The great military book is from early China, The Art of War. There is no art of soldiering. You heavy up, go for a walk, look for trouble for a few hours. Or days.
Pete Newell is a U.S. Army colonel. Soldiering doesn’t change, he says. Technology does.
“The average weight on a soldier’s back,” says Newell, “is some-where around 104 pounds. 27 of it [is] batteries.”
Colonel Newell is the director of the Rapid Equipping Force – REF – a think tank, hardware store, tech lab for combat soldiers. A perfect solution to a soldier problem – a Humvee redesigned against IEDs, for instance, might take years.
REF tries to find pretty good answers that already exist, or are about to exist. “What we’ll describe is, ‘Find the first, best, fastest solution we can,’” explains Newell.
Here’s an example, something REF helped develop to answer a soldier problem – again, with IEDs. And if you wonder what all those batteries are for – well, Newell says, “It’s called the Thor III.”
Thor. It sounds heavy.
“The piece of equipment itself weighs 25 pounds,” explains Newell. “Over a three-day patrol, a platoon of 28 soldiers will have three of these systems because of the bands that they operate at.”
Thor is a signal jammer. Everybody adapts technology, including the people trying to kill us. A favorite tactic: a hidden bomb with a cellphone trigger. Wait for the soldiers to get close, call the number…boom. If you’re going out on patrol for three days, you want a Thor III, batteries included. If Thor is working, the bomb triggers will not.
Newell says it takes 238 pounds of batteries to run Thor III for 3 days. “So, [that's] 238 pounds distributed across 28 bodies, on top of the weight for the system and the weight of all the other stuff they’re carrying.”
Colonel Newell is a former brigade commander, awarded a silver star and a unit commendation for leadership at Fallujah, the biggest fight in Iraq.
He knows soldiering, but when he took over REF three years ago, he didn’t think about energy. “I would tell you that I really did not see that as a major task for the Rapid Equipping Force,” he says.
But combat outposts – remote, battlefield camps for 20 to 150 soldiers – use a lot of fuel. The convoys to supply them are magnets for bombs and snipers. They’re the Army’s single greatest vulnerability in Afghanistan. It’s also true for a single soldier – heavied up, and walking patrol.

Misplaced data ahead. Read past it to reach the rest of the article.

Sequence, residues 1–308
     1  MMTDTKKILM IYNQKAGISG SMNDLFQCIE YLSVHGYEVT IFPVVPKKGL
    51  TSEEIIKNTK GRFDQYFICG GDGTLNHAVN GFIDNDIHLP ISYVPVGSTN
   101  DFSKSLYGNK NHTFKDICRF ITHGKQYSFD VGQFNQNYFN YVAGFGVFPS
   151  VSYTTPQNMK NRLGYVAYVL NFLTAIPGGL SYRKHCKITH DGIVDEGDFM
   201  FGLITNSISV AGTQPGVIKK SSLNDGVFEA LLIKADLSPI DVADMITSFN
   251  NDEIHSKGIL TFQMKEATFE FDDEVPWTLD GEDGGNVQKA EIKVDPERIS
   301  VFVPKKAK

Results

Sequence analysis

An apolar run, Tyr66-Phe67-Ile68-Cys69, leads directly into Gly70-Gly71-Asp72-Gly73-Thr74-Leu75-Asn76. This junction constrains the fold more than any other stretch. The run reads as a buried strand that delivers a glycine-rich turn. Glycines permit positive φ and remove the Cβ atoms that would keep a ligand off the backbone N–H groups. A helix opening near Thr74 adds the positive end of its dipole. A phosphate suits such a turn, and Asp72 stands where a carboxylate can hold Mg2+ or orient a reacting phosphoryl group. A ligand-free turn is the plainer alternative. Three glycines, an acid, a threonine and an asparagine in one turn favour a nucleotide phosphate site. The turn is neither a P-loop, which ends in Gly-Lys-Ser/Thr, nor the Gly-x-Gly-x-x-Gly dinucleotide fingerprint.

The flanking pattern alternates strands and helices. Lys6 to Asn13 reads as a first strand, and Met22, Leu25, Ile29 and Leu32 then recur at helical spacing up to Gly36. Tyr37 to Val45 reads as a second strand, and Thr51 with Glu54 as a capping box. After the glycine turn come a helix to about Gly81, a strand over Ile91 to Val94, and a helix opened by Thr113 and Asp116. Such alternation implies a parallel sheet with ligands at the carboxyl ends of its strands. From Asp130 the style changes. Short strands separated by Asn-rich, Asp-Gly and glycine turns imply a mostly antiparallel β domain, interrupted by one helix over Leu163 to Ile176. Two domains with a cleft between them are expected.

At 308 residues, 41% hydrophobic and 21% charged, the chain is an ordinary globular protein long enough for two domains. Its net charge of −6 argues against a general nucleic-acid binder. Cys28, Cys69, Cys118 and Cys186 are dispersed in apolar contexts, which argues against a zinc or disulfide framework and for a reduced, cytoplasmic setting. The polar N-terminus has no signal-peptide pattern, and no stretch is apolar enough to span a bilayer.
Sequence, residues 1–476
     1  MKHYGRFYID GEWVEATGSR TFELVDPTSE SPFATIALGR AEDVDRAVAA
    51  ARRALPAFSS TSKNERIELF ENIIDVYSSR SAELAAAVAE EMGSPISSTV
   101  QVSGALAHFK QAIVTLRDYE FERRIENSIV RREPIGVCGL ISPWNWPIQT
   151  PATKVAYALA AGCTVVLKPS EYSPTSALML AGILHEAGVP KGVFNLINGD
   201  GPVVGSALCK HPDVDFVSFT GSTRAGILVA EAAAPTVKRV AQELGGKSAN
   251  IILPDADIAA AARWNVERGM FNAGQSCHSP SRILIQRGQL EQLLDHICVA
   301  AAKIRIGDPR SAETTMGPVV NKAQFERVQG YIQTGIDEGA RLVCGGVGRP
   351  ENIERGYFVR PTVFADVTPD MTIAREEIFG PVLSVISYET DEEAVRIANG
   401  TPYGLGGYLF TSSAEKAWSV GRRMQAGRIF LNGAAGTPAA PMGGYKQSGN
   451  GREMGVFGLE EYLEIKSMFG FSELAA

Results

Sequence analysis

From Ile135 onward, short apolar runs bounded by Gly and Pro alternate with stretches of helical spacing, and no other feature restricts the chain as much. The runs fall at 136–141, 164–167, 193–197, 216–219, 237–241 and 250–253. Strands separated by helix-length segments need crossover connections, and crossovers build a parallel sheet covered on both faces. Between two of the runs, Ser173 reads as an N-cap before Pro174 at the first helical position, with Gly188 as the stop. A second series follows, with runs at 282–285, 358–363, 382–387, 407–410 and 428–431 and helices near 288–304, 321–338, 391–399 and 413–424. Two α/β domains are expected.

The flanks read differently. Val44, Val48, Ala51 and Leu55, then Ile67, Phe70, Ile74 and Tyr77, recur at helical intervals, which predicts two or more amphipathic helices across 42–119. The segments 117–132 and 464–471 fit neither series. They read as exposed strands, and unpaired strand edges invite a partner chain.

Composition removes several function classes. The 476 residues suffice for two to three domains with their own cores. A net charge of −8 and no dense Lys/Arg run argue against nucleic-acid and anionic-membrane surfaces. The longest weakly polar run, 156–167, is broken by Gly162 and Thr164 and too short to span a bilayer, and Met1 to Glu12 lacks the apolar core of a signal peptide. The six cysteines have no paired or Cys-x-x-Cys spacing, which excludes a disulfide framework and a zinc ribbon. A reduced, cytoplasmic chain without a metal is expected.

The Thor III is a REF solution. Too heavy, too power-hungry…but it works right now with existing technology, until they design something better.
Still, in January, at REF headquarters at Fort Belvoir outside Washington, the colonel was more excited by something else. He pulled out a solar panel. “These are solar recharging blankets and you’ve probably seen them before. So this is a 10-watt blanket and it’s about two feet by three feet, the size of a poster.”
It folds neatly, it weighs 12-ounces, and it comes in camo. Its 10-watts of power is enough to fully charge two smart phones in an hour.
Nine months ago, Newell says, this was the best thing he could find on the market for being developed.
Then he put aside the poster-size charger and showed me what looked like a camo napkin.
“This is a 10-Watt solar blanket,” he explains. “This weighs 3.8 ounces. So, within nine months, we went from what we thought was really, really, really good to a 28% efficient solar cell, and reduced the size down to a third of what it was before.”
REF just bought two kilowatts of these cells for $2 million – $100 per watt. That is way too expensive for normal use, but it’s a tenth what the cells would have cost a year ago.
And in another two years, Alta Devices – the Silicon Valley company that makes them – hopes to have the cost down to $10 a watt.
Meanwhile, soldiers are going to be using these, and if they come to trust the mats, maybe some of those 27 pounds of batteries can stay back at base.
For all the technological wonders, REF’s social tech impressed me most.
The fuel-eating combat outposts I mentioned earlier – REF is prototyping a radical redesign. They put one up at a gunnery range by Fort Bliss, Texas, and got two-dozen soldiers to live in it for two weeks.
And then REF hired a leading Silicon Valley marketing firm, IDEO, to run a three-day exercise to try to understand what the soldiers had learned, and what they would change.
It’s the kind of thing very big tech firms do – because it works. REF thinks of the soldier as the customer. Among changes the soldiers suggested: an emergency intercom system. REF is working on it.
REF directors – Colonel Newell and those before him – spend a lot of time with high tech firms and venture capitalists, and at the best engineering and business schools, trying to understand how to be very, very agile.
“Stop trying to solve the problem,” the colonel advises. “Spend your time trying to understand what it is you’re supposed to be doing. The problem will eventually solve itself.”
Colonel Newell left his post at REF last week. He’s retiring from the Army. The Department of Defense has just decided to change REF’s status from interesting experiment to permanent agency. We’ll see how that works.
But I was in the Army long ago, and even at Fort Bliss for a while. It wasn’t this smart.